“This, for us, is a real groundbreaking nomination,” said Anurag Varma, vice president of the group. “It’s great to see Indian Americans who vote Republican also see Sri as a great candidate.”


White House press secretary Jay Carney made a point during his news briefing Monday of extolling the credentials of Srinivasan, whose nomination will come before the Senate Judiciary Committee on April 11. Carney noted that Srinivasan has argued two dozen cases before the Supreme Court and has served “on behalf of the United States for both Democratic and Republican administrations.


“Sri’s confirmation will be an important first step to filling this court’s four vacancies, and he will be, when confirmed, the first South Asian circuit court judge in history,” Carney said, adding that the D.C. Circuit “is often considered the nation’s second-highest court, but it has twice as many vacancies as any other court of appeals.”


Although a number of Obama’s judicial nominees are awaiting confirmation — 15 are awaiting Senate floor votes, including 13 who won unanimous approval from the judiciary panel — the D.C. Circuit has taken on outsize importance because of its conservative tilt and its role overseeing Obama’s executive authority.


In January, the court threw out a decision by the National Labor Relations Board on grounds that the recess appointments Obama made to the board were invalid. Since then, the court has put dozens of NLRB cases on hold, prompting concern in organized labor, a key Obama base.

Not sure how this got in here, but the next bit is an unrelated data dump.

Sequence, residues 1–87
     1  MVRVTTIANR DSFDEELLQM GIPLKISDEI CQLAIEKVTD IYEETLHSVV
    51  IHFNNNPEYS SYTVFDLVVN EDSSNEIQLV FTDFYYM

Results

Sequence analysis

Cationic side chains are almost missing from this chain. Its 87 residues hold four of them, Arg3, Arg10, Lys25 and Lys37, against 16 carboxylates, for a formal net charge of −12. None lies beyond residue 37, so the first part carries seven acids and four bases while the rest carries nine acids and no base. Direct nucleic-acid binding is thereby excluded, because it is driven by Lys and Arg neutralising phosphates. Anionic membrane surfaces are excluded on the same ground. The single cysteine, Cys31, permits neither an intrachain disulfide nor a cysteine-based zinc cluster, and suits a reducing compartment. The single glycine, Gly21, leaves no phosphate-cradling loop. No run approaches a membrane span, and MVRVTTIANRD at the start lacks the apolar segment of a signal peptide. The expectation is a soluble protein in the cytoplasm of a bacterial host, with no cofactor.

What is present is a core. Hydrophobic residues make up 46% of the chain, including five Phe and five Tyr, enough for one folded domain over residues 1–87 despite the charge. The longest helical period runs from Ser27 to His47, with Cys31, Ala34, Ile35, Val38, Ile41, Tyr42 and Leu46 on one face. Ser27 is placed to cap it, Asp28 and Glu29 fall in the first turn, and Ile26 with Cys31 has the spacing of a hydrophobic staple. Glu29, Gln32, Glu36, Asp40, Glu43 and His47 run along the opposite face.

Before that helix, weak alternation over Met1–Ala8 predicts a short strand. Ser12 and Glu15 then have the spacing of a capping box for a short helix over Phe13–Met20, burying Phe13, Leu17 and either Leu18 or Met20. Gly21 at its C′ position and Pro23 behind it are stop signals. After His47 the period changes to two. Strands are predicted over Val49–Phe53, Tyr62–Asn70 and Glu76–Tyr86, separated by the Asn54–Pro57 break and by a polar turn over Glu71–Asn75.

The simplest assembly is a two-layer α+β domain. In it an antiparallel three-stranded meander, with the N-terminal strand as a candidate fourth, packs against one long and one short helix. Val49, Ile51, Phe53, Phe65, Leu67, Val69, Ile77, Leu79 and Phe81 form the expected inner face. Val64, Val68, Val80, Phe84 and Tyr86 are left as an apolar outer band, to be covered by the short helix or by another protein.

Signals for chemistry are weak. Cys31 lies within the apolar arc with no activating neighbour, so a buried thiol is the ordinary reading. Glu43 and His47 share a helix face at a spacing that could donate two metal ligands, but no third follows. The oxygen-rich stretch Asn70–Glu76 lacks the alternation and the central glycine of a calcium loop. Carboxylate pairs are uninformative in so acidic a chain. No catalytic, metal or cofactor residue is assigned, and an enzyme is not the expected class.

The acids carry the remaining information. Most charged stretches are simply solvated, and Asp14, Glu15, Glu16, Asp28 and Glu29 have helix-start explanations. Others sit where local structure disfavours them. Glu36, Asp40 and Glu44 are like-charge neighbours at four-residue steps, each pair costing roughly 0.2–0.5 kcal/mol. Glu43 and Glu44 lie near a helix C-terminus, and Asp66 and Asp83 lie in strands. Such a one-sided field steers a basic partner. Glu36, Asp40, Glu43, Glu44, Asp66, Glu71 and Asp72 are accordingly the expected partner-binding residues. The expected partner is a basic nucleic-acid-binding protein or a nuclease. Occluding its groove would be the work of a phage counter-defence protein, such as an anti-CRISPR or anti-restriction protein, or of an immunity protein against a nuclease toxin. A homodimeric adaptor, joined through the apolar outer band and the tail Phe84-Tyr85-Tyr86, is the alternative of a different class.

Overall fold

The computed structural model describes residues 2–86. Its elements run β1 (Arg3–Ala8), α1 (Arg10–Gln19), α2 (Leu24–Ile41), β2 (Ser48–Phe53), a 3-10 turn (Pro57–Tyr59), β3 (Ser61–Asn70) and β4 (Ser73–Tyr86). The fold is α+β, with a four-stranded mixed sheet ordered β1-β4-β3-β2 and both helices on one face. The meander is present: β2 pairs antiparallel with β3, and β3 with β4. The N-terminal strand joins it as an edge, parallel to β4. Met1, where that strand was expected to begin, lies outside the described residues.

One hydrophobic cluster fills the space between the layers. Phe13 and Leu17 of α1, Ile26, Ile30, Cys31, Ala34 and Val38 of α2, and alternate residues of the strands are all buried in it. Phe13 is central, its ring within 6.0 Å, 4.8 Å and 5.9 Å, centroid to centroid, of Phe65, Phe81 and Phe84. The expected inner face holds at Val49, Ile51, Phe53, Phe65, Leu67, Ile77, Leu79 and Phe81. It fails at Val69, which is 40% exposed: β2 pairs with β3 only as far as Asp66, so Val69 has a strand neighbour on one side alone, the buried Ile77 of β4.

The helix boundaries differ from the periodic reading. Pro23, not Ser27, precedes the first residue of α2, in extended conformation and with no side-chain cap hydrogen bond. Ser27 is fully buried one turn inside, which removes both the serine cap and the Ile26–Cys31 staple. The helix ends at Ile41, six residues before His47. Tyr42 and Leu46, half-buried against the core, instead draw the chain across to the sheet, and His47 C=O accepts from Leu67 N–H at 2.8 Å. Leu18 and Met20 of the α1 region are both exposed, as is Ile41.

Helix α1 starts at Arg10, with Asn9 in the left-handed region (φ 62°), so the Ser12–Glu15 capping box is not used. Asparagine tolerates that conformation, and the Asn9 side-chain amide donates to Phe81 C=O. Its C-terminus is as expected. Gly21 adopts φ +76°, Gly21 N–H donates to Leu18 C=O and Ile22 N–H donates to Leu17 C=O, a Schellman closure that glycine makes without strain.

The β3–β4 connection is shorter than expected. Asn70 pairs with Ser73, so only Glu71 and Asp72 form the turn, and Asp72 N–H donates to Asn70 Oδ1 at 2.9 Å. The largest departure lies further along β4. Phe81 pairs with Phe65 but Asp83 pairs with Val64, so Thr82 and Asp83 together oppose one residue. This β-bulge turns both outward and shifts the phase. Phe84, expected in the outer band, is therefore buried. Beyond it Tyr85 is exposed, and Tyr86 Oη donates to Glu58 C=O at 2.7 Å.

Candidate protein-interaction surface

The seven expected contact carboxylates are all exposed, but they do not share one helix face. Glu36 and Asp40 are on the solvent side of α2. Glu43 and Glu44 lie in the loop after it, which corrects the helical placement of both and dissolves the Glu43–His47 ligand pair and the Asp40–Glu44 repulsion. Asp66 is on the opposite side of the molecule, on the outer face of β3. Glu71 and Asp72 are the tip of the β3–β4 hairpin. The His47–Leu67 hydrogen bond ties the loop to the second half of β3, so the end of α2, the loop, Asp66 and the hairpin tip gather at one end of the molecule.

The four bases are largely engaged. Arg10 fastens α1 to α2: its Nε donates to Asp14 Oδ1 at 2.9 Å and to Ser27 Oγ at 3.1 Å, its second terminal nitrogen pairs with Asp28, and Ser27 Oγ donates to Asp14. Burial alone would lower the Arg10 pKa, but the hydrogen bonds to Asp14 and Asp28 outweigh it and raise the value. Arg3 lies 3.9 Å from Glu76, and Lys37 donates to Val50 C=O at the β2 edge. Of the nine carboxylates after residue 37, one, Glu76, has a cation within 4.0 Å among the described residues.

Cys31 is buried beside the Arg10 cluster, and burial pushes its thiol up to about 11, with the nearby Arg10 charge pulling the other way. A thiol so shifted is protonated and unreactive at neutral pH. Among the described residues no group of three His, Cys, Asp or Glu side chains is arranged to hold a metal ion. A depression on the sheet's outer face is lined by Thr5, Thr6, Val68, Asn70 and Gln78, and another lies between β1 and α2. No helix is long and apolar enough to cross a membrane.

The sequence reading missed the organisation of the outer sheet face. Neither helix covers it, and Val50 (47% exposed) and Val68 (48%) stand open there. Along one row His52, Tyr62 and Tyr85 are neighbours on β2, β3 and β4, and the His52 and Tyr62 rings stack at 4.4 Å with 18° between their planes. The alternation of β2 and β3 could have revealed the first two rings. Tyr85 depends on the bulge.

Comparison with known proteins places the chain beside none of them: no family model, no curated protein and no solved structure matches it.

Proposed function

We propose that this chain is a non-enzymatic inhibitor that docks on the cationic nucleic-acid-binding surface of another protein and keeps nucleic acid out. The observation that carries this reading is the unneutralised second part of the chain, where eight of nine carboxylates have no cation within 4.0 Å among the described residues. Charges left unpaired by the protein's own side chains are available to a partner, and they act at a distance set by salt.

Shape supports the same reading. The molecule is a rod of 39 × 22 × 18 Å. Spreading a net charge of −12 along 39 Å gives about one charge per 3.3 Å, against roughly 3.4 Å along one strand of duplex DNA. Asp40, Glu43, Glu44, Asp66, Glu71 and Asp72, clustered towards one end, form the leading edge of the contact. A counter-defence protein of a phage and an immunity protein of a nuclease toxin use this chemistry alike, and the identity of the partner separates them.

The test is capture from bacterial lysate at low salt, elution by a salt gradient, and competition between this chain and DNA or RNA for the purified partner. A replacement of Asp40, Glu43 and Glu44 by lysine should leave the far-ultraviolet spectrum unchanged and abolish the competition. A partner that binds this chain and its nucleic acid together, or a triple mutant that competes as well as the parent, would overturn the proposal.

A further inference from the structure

“It’s no exaggeration to say the workers’ rights agenda is either on hold or blowing up at the D.C. Circuit, in the hands of a few conservative judges,” said Lynn Rhinehart, general counsel for the AFL-CIO.


The court is just as influential when it comes to environmental cases. It has exclusive jurisdiction over national rules issued under the Clean Air Act and the Safe Drinking Water Act, among other laws. It will have the power to block Obama’s efforts to regulate greenhouse gas emissions.


“D.C. Circuit litigation will ensure these programs pass legal muster,” said Joseph Stanko, who heads government relations at the law firm Hunton & Williams and represents several coal-fired utilities that oppose rules governing greenhouse gas emissions.


The White House effort, which includes pinning the blame on Republican senators for rampant federal court vacancies, has led to some additional bickering over who is at fault.


Vacancies have grown under Obama, and the president has nominated replacements at a slower rate than those of his immediate predecessors, according to a report the Brookings Institution issued in December.


When Obama made a pitch for his judicial nominees in a closed-door lunch with Senate Republicans a few weeks ago, Sen. Charles E. Grassley (Iowa) questioned how the president could complain when he had not offered judicial nominees for several vacancies.


“Despite the rhetoric coming out of the White House, the numbers just don’t stand up,” Grassley, the ranking Republican on the Senate Judiciary Committee, said in a statement. “Out of the 87 judicial vacancies in the federal courts, 62 of them don’t have nominees, and the only nominee for the D.C. Circuit has a hearing next week.”